What is an Acute Back Injury?
Acute back injuries are the second most common reason for doctor’s visits, just behind colds and flus. An acute back injury is one that happens suddenly. It can be caused by any number of accidents or incidents of poor body mechanics, such as poor lifting. It is different from a chronic back condition, which can come on over years of stress on your back.
What Causes Acute Back Injuries?
Sudden back pain can have many causes. One of the most common is lifting an object that is too heavy or lifting incorrectly. This will often cause pain right away. In other cases, an acute back injury can be suffered after a motor vehicle accident. The force of the crash can put enormous stress on your back, leading to strains or even muscle tears in the back. Bending, reaching, or twisting can also lead to acute back injuries that cause significant pain.
Severe back pain can be caused by conditions that put stress and pressure on nerve roots, such as herniated discs and spinal stenosis. Although rare, acute back pain can occur as a result of spinal tumors that grow on the spinal cord or on nerve endings or due to bacterial infections.
Symptoms of Acute Back Injury
People who have suffered an acute back injury will almost always feel pain. The pain level and the type of pain can vary. Some individuals will feel a dull but persistent ache. Others will feel a sharp pain. Pain may or may not get worse when standing or sitting in different positions or during activity.
Stiffness is another common symptom of an acute back injury. It may occur soon after the injury or set in after a couple of days. Range of movement may be limited due to either pain or stiffness. Muscle spasms may occur, which are often exacerbated by movement.
Diagnosing an Acute Back Injury
If you have suffered a back injury, the first step will be going over your medical history and performing a physical exam. Your healthcare provider will discuss what you were doing when you started experiencing back pain, the nature of the pain, and how long you have had it. In some cases, additional diagnostic tests may be necessary to determine the nature of your injury. X-rays, MRIs, and other tests can reveal where there is damage in your back that could be causing your pain.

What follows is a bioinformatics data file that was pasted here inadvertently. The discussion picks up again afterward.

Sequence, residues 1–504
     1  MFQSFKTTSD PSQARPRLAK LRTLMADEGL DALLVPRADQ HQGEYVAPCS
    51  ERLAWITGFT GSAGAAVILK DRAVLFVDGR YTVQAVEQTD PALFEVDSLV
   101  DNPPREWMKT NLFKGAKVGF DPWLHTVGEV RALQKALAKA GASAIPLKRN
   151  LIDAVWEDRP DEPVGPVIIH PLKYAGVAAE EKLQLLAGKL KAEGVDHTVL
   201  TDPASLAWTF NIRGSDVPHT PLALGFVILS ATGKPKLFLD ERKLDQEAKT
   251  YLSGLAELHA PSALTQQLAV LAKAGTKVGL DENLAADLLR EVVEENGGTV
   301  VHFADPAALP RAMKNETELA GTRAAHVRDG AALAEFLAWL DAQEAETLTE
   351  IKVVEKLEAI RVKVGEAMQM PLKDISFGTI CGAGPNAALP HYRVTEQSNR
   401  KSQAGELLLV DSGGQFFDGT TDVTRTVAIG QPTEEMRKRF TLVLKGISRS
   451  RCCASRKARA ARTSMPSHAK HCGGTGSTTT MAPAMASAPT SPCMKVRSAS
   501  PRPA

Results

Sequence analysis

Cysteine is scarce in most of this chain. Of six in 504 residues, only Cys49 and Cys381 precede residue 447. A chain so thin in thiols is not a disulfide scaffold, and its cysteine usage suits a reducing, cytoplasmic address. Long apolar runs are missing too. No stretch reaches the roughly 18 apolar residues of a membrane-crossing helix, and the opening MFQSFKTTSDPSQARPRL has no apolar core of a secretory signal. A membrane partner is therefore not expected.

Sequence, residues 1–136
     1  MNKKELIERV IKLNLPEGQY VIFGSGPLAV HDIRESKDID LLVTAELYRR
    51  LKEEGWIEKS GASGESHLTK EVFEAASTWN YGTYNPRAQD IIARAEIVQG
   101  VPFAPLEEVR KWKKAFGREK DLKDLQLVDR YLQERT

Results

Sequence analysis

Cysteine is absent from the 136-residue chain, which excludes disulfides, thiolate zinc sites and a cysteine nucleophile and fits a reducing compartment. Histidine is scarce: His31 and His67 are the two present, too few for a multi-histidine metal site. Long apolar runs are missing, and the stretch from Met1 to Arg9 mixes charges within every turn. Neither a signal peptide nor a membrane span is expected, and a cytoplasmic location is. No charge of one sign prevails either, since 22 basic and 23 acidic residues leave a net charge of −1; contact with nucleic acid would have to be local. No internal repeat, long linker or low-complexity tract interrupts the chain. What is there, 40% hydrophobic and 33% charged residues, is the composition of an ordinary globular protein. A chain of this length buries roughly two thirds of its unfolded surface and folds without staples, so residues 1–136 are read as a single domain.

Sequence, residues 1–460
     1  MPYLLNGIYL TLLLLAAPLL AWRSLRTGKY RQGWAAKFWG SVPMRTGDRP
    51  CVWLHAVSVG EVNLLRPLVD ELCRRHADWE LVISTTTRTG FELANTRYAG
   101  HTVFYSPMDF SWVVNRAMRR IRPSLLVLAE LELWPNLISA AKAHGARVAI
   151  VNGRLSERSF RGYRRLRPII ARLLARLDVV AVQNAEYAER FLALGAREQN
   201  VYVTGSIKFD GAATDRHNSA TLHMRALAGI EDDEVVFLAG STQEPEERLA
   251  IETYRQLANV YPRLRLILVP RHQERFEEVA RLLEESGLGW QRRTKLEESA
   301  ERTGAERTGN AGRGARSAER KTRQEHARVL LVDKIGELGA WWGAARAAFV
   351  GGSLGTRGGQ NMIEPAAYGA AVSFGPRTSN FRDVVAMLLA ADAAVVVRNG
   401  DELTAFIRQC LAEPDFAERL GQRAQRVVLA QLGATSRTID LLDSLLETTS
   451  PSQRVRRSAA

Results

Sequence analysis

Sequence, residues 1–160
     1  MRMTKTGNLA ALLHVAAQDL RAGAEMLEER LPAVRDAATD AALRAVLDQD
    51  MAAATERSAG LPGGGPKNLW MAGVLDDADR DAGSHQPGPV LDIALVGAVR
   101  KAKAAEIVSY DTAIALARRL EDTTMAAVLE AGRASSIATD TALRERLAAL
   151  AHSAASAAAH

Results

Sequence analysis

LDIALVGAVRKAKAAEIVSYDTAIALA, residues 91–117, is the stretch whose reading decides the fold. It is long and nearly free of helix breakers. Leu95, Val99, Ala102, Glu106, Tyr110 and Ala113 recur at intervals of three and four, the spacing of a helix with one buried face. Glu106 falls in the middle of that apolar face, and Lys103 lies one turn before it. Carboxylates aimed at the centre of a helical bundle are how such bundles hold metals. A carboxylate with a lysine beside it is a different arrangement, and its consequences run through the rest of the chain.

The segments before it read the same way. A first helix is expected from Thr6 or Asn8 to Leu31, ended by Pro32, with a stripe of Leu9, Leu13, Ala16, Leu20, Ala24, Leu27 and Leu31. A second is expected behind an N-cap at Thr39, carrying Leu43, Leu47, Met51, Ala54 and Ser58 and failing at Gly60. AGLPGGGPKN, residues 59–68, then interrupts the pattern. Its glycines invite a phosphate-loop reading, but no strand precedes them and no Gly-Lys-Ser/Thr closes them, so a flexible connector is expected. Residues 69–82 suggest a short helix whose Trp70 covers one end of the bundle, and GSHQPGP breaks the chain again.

Acute Back Injury Treatment
The treatment for your back pain will depend on its cause. Some of the treatments ordered may include:
- NSAIDs or other painkillers – Both over-the-counter and prescription pain medications can help reduce pain and swelling around the injured area.
- Muscle relaxants – If muscle spasms are causing your lower back pain, medication to help those muscles relax can help.
- Corticosteroids – These medications, injected at the injured area, can reduce inflammation and speed healing.
- Rest, ice, and heat – You may be instructed to rest the area that is injured to allow it to heal. Ice can be helpful in the first days after an injury, as it numbs the area and reduces inflammation. Heat therapy can help later on by relaxing muscles.
- Massage or chiropractic – Each of these therapies can reduce pain and help you heal.